A Scottish marine facility is joining aquariums from around the world to help tackle the serious issue of plastic pollution.
Huge quantities of plastic waste pollute our seas and coastlines, threatening most marine species all over the world – and Macduff Marine Aquarium in Aberdeenshire is doings its bit to help with the problem.
The European Commission, in partnership with UN and other international organisations, has established a coalition of aquariums to help raise public awareness of the global plastic crisis – with the aim of having at least 200 aquariums from around the world by the end of 2019.
The institutions involved in the initiative will engage with potential partners, such as sponsors and Non-Governmental Organisations, to promote best practices in the use of plastic on a local, regional, national and global scale. So far, 107 aquariums from 33 countries have already pledged support to the new coalition ‘World aquariums #ReadyToChange to #BeatPlasticPollution’.
Macduff Marine Aquarium is proud to add its name to the list of supporters already part of the global coalition.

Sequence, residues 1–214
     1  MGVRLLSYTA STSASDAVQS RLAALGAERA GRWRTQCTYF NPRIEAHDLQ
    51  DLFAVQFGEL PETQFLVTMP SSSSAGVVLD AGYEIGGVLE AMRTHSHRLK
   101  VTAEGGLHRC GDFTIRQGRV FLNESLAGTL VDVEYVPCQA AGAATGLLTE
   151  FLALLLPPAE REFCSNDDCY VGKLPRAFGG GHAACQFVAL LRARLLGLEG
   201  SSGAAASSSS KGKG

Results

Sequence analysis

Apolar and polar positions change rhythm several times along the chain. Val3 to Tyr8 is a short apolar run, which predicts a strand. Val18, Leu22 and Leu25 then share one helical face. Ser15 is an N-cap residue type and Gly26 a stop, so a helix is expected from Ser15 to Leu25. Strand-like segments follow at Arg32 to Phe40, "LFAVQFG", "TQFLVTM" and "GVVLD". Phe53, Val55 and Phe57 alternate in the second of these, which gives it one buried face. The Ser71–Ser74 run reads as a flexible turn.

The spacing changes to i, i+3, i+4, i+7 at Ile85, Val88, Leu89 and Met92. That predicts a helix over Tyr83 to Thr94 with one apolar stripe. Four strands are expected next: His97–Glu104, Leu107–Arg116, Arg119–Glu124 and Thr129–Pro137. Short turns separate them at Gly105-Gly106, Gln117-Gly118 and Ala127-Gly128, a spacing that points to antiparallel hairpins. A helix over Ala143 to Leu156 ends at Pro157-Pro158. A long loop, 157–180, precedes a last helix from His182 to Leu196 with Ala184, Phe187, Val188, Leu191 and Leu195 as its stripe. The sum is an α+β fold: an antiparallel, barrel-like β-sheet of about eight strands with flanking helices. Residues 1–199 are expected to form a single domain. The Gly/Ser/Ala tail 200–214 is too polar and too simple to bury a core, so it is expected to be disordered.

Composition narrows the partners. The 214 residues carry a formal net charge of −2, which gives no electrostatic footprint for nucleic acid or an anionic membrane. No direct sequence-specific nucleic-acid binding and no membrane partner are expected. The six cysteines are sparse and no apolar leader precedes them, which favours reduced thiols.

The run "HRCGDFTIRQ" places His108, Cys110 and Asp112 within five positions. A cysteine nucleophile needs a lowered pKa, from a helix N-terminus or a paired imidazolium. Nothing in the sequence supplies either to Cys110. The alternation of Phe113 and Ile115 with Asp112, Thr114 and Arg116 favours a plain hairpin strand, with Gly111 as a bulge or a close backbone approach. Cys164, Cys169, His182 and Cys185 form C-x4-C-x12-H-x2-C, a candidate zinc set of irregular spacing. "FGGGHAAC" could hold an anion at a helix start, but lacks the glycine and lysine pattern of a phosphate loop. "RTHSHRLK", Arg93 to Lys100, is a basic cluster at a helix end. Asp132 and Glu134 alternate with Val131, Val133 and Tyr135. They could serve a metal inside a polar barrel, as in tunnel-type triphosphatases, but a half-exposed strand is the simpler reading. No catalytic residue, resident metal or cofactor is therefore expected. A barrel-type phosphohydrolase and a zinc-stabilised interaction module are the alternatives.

Aquarium learning officer Marie Dare, said: ‘Plastic is practically indestructible, we have evolved into a throw away culture, but it has become apparent there is no “away”.
‘We all need to cut down on plastic consumption, and recycle what we do use, in order to avoid plastic entering the environment in the first place. We are very lucky to have recycling facilities at our doorsteps, there are many parts of the world where there is no mechanism to dispose of waste.
‘We will be encouraging our visitors to consider their use of plastic and to understand the impact we all have on our marine environment – and that together we can be part of the solution.’
The aquarium will be joining forces with energy firm TAQA to introduce new awareness raising workshops as part of its formal education programming early in 2019. These workshops, aimed at school children, will explore how plastics persist and affect the marine environment. Senior environmental advisor at TAQA, Natasha Dolecki said:
‘Having already supported the aquarium to reduce its energy usage through implementation of LED lighting in 2017, we’re delighted to continue our support to highlight the problem of plastics. We hope that, through taking part in fun learning programmes at the aquarium, local schoolchildren will be inspired to act and help tackle this issue.’
They will also be looking carefully at its retail suppliers and sourcing recycled plastic and goods with less packaging where possible.
The aquarium will be regularly posting hints and tips on how to help turn the tide against plastic on Facebook for the public to follow and join in.